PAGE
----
Ashlee, who adopted Roxci — her first dog — from a shelter about two years ago, visited twice a day for a week, and was encouraged when she saw Roxci’s eye twitch, a sign her brain might still be functioning.
“To me, she’s not just a dog,” Johnson, 28, told the Battle Creek Enquirer. “She’s a part of my family and you can’t really put a price on a member of your family.”
After Rocxi passed, Ashlee gathered with the rest of her family at her mother’s home in Battle Creek.
They read poems and the comments of friends and strangers who posted on a Facebook page dedicated to Roxci.
“I know it’s not my fault,” she said, “but I feel kind of responsible. I’m supposed to protect her.”
Through donations, about $1,800 had been raised towards covering Roxci’s medical bills, which could end up costing as much as $10,000.
The family is continuing to accept online donations. They can also be made through the mail (12954 11 Mile Road, Ceresco, MI 49033).
The driver of the speedboat, though sheriff’s department officials said he had been drinking, did not test above the legal limit. He was cited for reckless driving and not having valid registration.
Posted by jwoestendiek August 14th, 2012 under Muttsblog.
Tags: accident, animals, ashlee johnson, bills, boating, care, costs, crash, dead, death, dies, dog, dogs, duck lake, expense, facebook, killed, medical, memories, mixed breed, mutt, paddle boat, pets, remembered, roxci, speedboat, treatment, ventilator, veterinary
Ellen, one of the oldest of the dogs seized from Michael Vick’s dogfighting operation, passed away earlier this month at Best Friends, the animal sanctuary in Utah.
“Ellen’s health is failing,” Best Friends veterinarian Dr. Patti Patterson, said of the 11-year old dog. “Although we do not know the cause of her illness and deterioration, we have exhausted all diagnostic and treatment efforts that we feel could help Ellen.”
An unknown disease was causing weight loss and muscle loss and preventing her stomach from emptying. Despite a barrage of tests, the medical team couldn’t determine the source of the problems. With her quality of life deemed no longer at an acceptable level, the decision was made to euthanize her.
During her final two days, Ellen had a steady stream of visitors, according to the Best Friends website.
“I’ve never had a dog who was so affectionate,” says caregiver Maddie Haydon. “She bonded with everyone she met.”
Most people Ellen met, though, were met from a distance.
In accordance with court orders, the former Vick dogs taken in by Best Friends were not allowed to interact directly with Sanctuary visitors, or even volunteers – at least not until they were upgraded from “red-collar” status.
For Ellen, that day finally came last month.
Some visitors were hesitant to meet Ellen, even from afar, but when they did, she generally altered any mistaken notions they had about pit bulls.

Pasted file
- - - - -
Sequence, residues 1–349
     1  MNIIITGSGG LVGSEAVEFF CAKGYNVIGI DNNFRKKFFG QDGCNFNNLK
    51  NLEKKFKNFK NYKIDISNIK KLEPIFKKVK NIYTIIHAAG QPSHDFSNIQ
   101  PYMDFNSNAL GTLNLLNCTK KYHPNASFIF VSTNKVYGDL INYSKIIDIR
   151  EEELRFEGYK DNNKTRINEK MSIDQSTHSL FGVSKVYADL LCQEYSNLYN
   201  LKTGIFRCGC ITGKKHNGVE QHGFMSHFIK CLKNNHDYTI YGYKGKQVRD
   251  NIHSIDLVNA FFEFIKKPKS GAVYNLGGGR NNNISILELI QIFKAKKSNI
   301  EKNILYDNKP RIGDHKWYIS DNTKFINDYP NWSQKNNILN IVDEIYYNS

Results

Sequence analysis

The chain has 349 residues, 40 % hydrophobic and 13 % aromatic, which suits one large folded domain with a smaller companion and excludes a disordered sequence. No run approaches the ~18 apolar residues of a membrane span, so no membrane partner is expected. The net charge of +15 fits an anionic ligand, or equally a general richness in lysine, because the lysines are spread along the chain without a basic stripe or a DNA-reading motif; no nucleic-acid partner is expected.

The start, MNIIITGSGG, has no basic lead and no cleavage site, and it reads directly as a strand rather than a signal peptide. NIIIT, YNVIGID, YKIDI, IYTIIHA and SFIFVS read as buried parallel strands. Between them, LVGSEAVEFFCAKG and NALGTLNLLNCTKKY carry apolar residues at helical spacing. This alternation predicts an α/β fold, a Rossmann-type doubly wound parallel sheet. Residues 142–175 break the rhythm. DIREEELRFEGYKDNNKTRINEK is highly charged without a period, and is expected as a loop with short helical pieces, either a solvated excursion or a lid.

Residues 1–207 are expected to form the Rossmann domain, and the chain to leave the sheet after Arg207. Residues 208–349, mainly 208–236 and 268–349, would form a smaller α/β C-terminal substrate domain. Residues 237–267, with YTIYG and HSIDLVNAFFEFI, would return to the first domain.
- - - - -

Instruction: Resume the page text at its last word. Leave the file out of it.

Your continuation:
“You could just see them change their perception,” said caregiver Tom Williams. ”She went a long way toward helping not only the Vick dogs that are here, but pit bulls in general. She helped to dispel the myths about them.”
One volunteer figured out early that Ellen was a lover, not a fighter.
Betty Grieb, though a fence separated them, spent more than three years reading to Ellen.
When Ellen’s status was upgraded, and Grieb got to meet her in person, “It was like a dream come true,” she said. ”I really loved her. She was such a sweet girl, so full of life.”
(Photo and video courtesy of Best Friends)
Posted by jwoestendiek June 25th, 2012 under Muttsblog, videos.
Tags: animals, best friends, dead, dies, dog, dogfighting, dogs, eldest, ellen, euthanized, ill, medical, michael vick, oldest, passes, pets, pit bulls, red collar, rehabilitation, status, tests, vick, vicktory dogs, video
Andrew David Thompson, the former Michigan State University medical student who admitted killing about a dozen Italian greyhound puppies, was sentenced yesterday to probation.
Thompson, who admitted to beating, kicking and throwing the puppies against walls when he became angry with them — and buying new ones to replace those who died — will serve five years of probation.
At a hearing in Ingham County Circuit Court, Judge Paula Manderfield rejected prosecutors’ request for a prison sentence of two to four years, the Lansing State Journal reported.
“I am disgusted and embarrassed and have so much remorse for what happened,” Thompson told Manderfield during the hearing, which his mother, father and other supporters attended. “I’m shocked I even let it get to this point.”
Thompson pleaded guilty in April to three counts of animal killing. Two of the charges were for killing two different dogs while he lived in East Lansing. The third charge was for killing nine dogs when he lived in Meridian Township.
Stacia Buchanan, Thompson’s attorney, argued that his offense was a ”property crime” and that he had no prior criminal record. She said he has mental health issues for which he hasn’t receive treatment.
Under the sentence, he will.
The judge ordered Thompson to undergo mental health treatment, perform 400 hours of community service and not own or care for any animals while on probation.
Technically, Manderfield sentenced him to a year in jail, but she gave him credit for the 107 days he has served and suspended the remainder of the jail term pending successful completion of probation .
Manderfield said she didn’t believe a prison sentence would serve anybody’s interests. Probation, she told Thompson, would allow her to “always hold the hammer of prison over your head… I’m not convinced society would be served spending thousands of dollars to incarcerate you for two to four years,” she said.
(Photo: Paul Henderson / Lansing State Journal)
Posted by jwoestendiek June 14th, 2012 under Muttsblog.